Knesset, Treasury aim to set limits to avoid bloated gov't budgets

Knesset, Treasury aim to

By REBECCA ANNA STOIL
January 6, 2010 06:20
2 minute read.

 
X

Dear Reader,
As you can imagine, more people are reading The Jerusalem Post than ever before. Nevertheless, traditional business models are no longer sustainable and high-quality publications, like ours, are being forced to look for new ways to keep going. Unlike many other news organizations, we have not put up a paywall. We want to keep our journalism open and accessible and be able to keep providing you with news and analyses from the frontlines of Israel, the Middle East and the Jewish World.

As one of our loyal readers, we ask you to be our partner.

For $5 a month you will receive access to the following:

  • A user experience almost completely free of ads
  • Access to our Premium Section
  • Content from the award-winning Jerusalem Report and our monthly magazine to learn Hebrew - Ivrit
  • A brand new ePaper featuring the daily newspaper as it appears in print in Israel

Help us grow and continue telling Israel’s story to the world.

Thank you,

Ronit Hasin-Hochman, CEO, Jerusalem Post Group
Yaakov Katz, Editor-in-Chief

UPGRADE YOUR JPOST EXPERIENCE FOR 5$ PER MONTH Show me later Don't show it again

Six months after the Knesset passed the largest Economic Arrangements Law ever, Knesset Speaker Reuven Rivlin revealed Tuesday that a joint forum of Knesset and Treasury representatives had been established to help ensure that that record will not be broken in the future. Rivlin announced, during an event on the subject of social legislation, that the joint forum was formed to better define the nature of the Economic Arrangements Law. "The government must return to normative legislative practices instead of concentrating most of its forces on a blitz known as the Economic Arrangements Law," complained Rivlin, who objected to the enormity of the 2,000-page law passed during the Knesset's summer session. "The law in its current form, is anti-democratic and anti-social," added Rivlin during the Tuesday morning meeting. "It changed from being a means to being an end in itself, a draconian law that cancels, with a swipe of the hand, private legislation that passed, with great effort, all of the stages of legislation." "The government must offer an opinion regarding the necessary balance between the need to achieve budgetary goals, which is a legitimate goal, and the illegitimate practice of stuffing the law with revolutionary economic reforms or annulment of laws, while taking advantage of the... threat of elections if the bill is not passed," he said. This year, said Rivlin, even the Finance Ministry has come to realize that the current system is problematic and that boundaries must be set for ensuing budgetary years. The fact that the budget passed this summer is biennial, Rivlin argued, provides an ideal opportunity to discuss practices in further years, as there is over a year left to determine better procedures before a new budget needs to be passed. Shortly after the formation of the new Knesset, Rivlin was among the first MKs - and was the first coalition member - to speak out against the over 500-clause-long original draft of the bill. "We must prevent a situation in which the law is used as a tool by the government to pass reforms that they cannot pass using the usual and complicated legislative process," said Rivlin in early May, after a copy of the bill was leaked to MK Shelly Yacimovich, another key opponent. "It is the government's duty to govern, but without bypassing the Knesset. And this principle is still in effect, even though we are in the midst of a global economic crisis that demands governmental steps, some of which must be carried out immediately," he said. Ultimately, Rivlin utilized his power as Knesset speaker to broker an agreement with the finance minister through which a number of clauses of the Economic Arrangements Bill were separated from the bill for separate committee hearings and votes. Among the clauses separated from the bill to allow for more in-depth debate were the Israel Lands Authority reform, the establishment of a fifth health insurance group and the reform in the television market. An agreement was also reached through which legislation will not be canceled by the bill, and the clause that canceled a newly-minted law to place resuscitation equipment in public places was removed completely.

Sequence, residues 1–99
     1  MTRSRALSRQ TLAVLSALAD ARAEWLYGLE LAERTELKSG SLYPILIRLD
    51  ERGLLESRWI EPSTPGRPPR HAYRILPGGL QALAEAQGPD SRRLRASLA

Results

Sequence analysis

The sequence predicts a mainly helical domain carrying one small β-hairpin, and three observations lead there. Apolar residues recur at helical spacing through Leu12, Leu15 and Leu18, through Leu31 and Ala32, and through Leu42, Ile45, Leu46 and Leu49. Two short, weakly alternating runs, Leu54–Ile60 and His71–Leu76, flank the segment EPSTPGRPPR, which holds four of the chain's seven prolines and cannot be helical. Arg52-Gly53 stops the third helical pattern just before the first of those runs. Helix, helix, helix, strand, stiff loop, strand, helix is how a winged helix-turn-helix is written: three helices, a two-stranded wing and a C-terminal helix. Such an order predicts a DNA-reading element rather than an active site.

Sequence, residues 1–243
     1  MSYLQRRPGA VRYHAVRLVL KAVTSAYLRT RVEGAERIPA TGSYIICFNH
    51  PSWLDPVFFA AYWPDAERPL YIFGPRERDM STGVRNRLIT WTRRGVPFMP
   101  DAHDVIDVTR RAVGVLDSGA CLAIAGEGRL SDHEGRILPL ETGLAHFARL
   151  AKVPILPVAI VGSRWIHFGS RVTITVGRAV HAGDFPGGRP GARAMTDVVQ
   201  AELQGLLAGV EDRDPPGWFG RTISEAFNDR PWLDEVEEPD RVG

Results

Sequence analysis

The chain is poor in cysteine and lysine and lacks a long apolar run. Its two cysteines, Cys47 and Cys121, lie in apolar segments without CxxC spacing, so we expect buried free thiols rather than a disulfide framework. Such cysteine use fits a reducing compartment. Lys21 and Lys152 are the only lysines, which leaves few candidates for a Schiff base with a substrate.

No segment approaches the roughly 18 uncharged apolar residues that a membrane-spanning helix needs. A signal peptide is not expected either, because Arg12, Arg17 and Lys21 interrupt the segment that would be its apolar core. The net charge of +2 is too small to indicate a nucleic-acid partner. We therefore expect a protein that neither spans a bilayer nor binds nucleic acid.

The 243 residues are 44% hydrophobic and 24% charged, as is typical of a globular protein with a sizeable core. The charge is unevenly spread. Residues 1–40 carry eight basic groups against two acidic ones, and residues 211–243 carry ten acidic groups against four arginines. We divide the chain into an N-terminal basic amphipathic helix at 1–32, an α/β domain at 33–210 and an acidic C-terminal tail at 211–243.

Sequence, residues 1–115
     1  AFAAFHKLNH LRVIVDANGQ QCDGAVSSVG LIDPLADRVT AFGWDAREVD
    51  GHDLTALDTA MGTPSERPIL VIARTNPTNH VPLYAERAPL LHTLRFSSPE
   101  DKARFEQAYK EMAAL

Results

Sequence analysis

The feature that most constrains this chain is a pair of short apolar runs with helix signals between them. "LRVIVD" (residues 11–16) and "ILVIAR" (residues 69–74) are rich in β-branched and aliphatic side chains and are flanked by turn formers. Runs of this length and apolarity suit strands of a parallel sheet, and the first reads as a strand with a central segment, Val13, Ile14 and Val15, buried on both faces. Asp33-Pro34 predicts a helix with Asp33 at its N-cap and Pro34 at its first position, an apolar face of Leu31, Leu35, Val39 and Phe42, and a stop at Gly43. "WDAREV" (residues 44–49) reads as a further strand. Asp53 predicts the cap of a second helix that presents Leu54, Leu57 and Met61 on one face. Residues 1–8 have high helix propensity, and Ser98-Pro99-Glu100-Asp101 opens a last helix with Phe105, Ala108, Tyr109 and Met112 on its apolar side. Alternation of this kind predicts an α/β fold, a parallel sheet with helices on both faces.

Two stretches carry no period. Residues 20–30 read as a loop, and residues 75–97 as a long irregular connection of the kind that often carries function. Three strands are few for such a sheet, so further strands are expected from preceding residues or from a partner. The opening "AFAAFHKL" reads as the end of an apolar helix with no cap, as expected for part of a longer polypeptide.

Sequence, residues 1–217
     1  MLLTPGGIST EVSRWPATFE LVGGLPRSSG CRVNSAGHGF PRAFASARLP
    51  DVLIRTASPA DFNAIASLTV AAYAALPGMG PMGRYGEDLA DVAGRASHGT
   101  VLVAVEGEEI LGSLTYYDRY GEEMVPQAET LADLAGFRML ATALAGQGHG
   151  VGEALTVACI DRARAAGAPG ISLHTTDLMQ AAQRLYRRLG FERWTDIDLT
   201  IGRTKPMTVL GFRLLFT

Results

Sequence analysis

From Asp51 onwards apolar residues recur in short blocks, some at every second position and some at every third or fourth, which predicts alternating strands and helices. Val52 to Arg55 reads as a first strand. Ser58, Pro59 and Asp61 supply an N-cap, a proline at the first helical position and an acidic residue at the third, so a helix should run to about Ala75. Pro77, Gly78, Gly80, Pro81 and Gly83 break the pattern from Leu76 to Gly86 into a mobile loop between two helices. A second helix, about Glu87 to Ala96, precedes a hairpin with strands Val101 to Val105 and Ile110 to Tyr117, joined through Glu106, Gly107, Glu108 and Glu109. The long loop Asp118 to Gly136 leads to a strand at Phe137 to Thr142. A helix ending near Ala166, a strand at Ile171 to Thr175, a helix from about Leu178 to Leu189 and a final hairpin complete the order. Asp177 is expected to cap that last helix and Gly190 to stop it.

Related Content

Jisr az-Zarq
April 3, 2014
Residents of Jisr az-Zarqa beckon Israel Trail hikers to enjoy their town

By SHARON UDASIN